The incidence and functional consequences of RT-associated cardiac perfusion defects

Lawrence B. Marks, Xiaoli Yu, Robert G. Prosnitz, Su Min Zhou, Patricia H. Hardenbergh, Michael Blazing, Donna Hollis, Pehr Lind, Andrea Tisch, Terence Z. Wong, Salvador Borges-Neto

Research output: Contribution to journalArticlepeer-review

325 Scopus citations


Purpose: Radiation therapy (RT) for left-sided breast cancer has been associated with cardiac dysfunction. We herein assess the temporal nature and volume dependence of RT-induced left ventricular perfusion defects and whether these perfusion defects are related to changes in cardiac wall motion or alterations in ejection fraction. Methods: From 1998 to 2001, 114 patients were enrolled onto an IRB-approved prospective clinical study to assess changes in regional and global cardiac function after RT for left-sided breast cancer. Patients were imaged 30 to 60 minutes after injection of technetium 99m sestamibi or tetrofosmin. Post-RT perfusion scans were compared with the pre-RT studies to assess for RT-induced perfusion defects as well as functional changes in wall motion and ejection fraction. Two-tailed Fisher's exact test and the Cochran-Armitage test for linear trends were used for statistical analysis. Results: The incidence of new perfusion defects 6,12,18, and 24 months after RT was 27%, 29%, 38%, and 42%, respectively. New defects occurred in approximately 10% to 20% and 50% to 60% of patients with less than 5%, and greater than 5%, of their left ventricle included within the RT fields, respectively (p = 0.33 to 0.00008). The rates of wall motion abnormalities in patients with and without perfusion defects were 12% to 40% versus 0% to 9%, respectively; p values were 0.007 to 0.16, depending on the post-RT interval. Conclusions: Radiation therapy causes volume-dependent perfusion defects in approximately 40% of patients within 2 years of RT. These perfusion defects are associated with corresponding wall-motion abnormalities. Additional study is necessary to better define the long-term functional consequences of RT-induced perfusion defects.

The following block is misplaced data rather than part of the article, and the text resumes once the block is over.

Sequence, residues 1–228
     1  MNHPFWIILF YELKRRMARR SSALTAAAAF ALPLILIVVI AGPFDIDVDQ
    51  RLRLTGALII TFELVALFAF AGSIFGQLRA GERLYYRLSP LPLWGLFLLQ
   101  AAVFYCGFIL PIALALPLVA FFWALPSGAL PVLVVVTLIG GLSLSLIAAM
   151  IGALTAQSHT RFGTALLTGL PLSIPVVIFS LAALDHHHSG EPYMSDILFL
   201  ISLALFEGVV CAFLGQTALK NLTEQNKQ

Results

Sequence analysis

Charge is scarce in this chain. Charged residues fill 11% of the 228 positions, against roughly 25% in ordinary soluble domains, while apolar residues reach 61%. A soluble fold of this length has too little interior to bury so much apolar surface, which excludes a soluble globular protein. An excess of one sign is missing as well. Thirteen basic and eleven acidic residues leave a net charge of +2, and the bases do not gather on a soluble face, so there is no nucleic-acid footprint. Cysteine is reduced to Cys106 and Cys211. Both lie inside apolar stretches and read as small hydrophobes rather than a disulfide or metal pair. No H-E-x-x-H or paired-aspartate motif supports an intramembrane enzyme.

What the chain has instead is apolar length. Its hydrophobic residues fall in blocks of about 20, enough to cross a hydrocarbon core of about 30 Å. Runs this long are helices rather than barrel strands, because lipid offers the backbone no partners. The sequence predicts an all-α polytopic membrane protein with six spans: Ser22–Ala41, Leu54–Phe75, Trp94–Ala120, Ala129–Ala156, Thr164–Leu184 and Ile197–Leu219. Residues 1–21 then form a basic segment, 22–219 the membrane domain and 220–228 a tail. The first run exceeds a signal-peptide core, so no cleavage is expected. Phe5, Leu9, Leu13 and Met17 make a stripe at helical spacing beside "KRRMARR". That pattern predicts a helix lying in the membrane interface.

Original languageEnglish (US)
Pages (from-to)214-223
Number of pages10
JournalInternational Journal of Radiation Oncology Biology Physics
Issue number1
StatePublished - Sep 1 2005
Externally publishedYes


  • Breast cancer
  • Myocardial perfusion
  • Radiotherapy

ASJC Scopus subject areas

  • Radiation
  • Oncology
  • Radiology Nuclear Medicine and imaging
  • Cancer Research


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